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Insurance watchdog faulted on functions

By Vision Reporter

Added 15th November 2010 03:00 AM

THE Uganda Insurance Commission (UIC) has been accused of making no effort to close operational gaps that are affecting its regulatory role.

By David Ssempijja

THE Uganda Insurance Commission (UIC) has been accused of making no effort to close operational gaps that are affecting its regulatory role.

The commission was established by an Act of Parliament in 1996 to supervise and regulate the operations of the insurance industry.

It also licenses insurance companies, risk managers, loss assessors and adjusters, insurance surveyors and claims agents, as well as sensitising the public about the insurance sector.

However, the May 2008 report by Inspector Andrew Sewankambo, which New Vision has seen, noted that since its inception, the commission has completely de-linked itself from the public.

“The commission is run like an outdated parastatal. It lacks business approaches like those adopted by other sister regulator organisations,” Sewankambo said in a July 8, 2008 memo. Sewankambo had worked for the commission, but later left. The report detailed serious loopholes that required quick response, but many of them have not been addressed to date.

UIC, for instance, has not established a public library and does not have an archive, yet it is expected to be the main custodian of information about the insurance sector.

Uganda’s insurance sector suffers from low levels of penetration, partly blamed on lack of awareness, the report indicated, adding that UIC does not have even a single platform to educate consumers like other statutory bodies like the Uganda Investment Authority.

“We should urgently allocate funding to this cause, set up a consumer education desk, solicit funding for education and consult organisations that have successfully promoted consumer awareness campaigns,” Sewankambo recommended.

“Awareness gaps cannot be blamed on the commission alone. Every organisation in the financial sector is expected to run financial literacy programmes, but for us, we have not yet reached the required levels,” said Elias Kasozi, the commission’s board chairman.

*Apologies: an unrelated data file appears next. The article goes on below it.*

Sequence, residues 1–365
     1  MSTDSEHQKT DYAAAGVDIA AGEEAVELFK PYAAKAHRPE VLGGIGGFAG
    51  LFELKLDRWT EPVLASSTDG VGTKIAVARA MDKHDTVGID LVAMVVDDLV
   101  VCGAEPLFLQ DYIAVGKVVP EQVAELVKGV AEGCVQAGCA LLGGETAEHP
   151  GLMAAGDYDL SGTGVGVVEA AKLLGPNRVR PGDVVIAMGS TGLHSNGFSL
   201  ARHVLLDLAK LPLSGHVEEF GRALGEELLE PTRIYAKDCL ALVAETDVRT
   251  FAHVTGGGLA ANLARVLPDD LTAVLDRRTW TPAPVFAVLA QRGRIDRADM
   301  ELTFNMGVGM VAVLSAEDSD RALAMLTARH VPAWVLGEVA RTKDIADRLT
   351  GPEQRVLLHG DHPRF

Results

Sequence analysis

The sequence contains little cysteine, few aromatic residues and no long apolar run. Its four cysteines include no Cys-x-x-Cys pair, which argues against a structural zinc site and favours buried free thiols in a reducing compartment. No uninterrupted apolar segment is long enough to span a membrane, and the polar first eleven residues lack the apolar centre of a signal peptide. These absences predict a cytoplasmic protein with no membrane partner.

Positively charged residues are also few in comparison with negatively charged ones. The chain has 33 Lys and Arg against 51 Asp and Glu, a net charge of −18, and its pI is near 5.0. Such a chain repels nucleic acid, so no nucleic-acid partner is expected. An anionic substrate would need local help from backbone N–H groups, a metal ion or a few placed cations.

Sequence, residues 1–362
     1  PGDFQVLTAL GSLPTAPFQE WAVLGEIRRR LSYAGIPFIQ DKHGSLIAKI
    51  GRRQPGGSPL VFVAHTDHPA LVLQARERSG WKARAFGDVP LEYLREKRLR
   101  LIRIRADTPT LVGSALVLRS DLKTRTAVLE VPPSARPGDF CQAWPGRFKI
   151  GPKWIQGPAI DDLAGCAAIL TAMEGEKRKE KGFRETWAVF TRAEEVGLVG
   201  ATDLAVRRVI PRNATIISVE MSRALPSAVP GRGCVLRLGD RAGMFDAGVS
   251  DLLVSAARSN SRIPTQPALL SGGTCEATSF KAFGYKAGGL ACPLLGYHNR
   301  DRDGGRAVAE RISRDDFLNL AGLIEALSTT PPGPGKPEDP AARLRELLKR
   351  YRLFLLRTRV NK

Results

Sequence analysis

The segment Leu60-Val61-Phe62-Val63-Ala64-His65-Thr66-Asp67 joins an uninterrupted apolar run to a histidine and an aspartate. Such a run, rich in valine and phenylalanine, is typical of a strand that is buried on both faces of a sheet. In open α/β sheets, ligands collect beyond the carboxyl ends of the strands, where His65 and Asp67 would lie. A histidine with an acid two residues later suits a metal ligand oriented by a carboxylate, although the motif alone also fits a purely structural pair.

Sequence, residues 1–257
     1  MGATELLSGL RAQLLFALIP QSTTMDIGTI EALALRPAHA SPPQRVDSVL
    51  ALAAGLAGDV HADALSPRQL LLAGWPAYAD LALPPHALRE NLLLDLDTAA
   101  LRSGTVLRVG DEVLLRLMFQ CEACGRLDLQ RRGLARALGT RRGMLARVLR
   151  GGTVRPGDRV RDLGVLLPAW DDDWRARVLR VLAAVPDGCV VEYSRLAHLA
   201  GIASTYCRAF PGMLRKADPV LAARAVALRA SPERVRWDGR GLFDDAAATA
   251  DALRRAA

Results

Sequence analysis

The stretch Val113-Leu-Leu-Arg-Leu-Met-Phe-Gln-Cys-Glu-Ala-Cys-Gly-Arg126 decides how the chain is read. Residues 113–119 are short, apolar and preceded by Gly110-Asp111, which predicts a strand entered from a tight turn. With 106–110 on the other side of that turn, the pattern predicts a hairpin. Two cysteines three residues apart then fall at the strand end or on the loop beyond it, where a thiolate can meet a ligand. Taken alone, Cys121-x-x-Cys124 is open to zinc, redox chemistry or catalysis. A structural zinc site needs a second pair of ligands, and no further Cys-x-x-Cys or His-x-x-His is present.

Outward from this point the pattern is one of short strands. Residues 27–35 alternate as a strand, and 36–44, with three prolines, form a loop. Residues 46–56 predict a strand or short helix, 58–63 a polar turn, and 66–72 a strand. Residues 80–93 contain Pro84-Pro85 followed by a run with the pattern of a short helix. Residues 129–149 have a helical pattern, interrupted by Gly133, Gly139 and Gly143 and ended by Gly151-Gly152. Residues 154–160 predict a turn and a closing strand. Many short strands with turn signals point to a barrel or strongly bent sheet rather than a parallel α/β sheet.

The commission sells annual reports at sh50,000 per copy, but this is limiting its efforts to deepen penetration and understanding of the industry, sector players said.

They added that information about the industry be accessed free of charge because “turning the public body into a profit-making enterprise derails it from its mandate of providing relevant information to the people.

“The Government gives us inadequate funds, which cannot cater for all the costs. That is why we are forced to sell those annual reports to cover some of them. But this is among the critical gaps we intend to address soon,” Kasozi explained.

Although the market reports are supposed to be annual, they come out once in two years. The 2007 report was produced in March 2009, while that for 2008 came out in May this year.

But the Insurance Commission of Kenya, which handles 60 insurance firms and a tens of brokerage firms, produces market reports in time. UIC handles just 21 insurance firms and 21 brokerage firms.

Although Uganda’s insurance sector registered strong growth last year, it is still one of the least developed in Africa at mere 0.59% penetration rate.

The sector’s contribution to the country’s GDP remains 1%, while the industry’s penetration rate has been between 0.57% and 0.59% for the last five years, according to the 2008 annual insurance market report.

An insurance industry whose penetration rate doesn’t reach 1% is considered to be operating below standard, according to international guidelines.

In 2008, Uganda accounted for only 0.4% of the total gross premium collected by companies operating in African in 2008, while South Africa, the continent’s insurance giant, accounted for 80%, with 15.3% penetration rate in an economy of up to $277b.

Insurance watchdog faulted on functions

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